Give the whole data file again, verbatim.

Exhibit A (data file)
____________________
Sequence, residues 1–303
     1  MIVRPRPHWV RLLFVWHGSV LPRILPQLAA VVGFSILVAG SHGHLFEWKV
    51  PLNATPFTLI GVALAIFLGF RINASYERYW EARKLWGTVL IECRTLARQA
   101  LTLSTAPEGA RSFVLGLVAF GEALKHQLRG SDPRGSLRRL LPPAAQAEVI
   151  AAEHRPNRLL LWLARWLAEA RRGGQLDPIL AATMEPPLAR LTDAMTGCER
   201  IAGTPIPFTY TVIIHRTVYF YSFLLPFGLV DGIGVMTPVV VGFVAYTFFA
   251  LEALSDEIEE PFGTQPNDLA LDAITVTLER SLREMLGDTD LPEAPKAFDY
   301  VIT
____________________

Sequence, residues 1–303
     1  MIVRPRPHWV RLLFVWHGSV LPRILPQLAA VVGFSILVAG SHGHLFEWKV
    51  PLNATPFTLI GVALAIFLGF RINASYERYW EARKLWGTVL IECRTLARQA
   101  LTLSTAPEGA RSFVLGLVAF GEALKHQLRG SDPRGSLRRL LPPAAQAEVI
   151  AAEHRPNRLL LWLARWLAEA RRGGQLDPIL AATMEPPLAR LTDAMTGCER
   201  IAGTPIPFTY TVIIHRTVYF YSFLLPFGLV DGIGVMTPVV VGFVAYTFFA
   251  LEALSDEIEE PFGTQPNDLA LDAITVTLER SLREMLGDTD LPEAPKAFDY
   301  VIT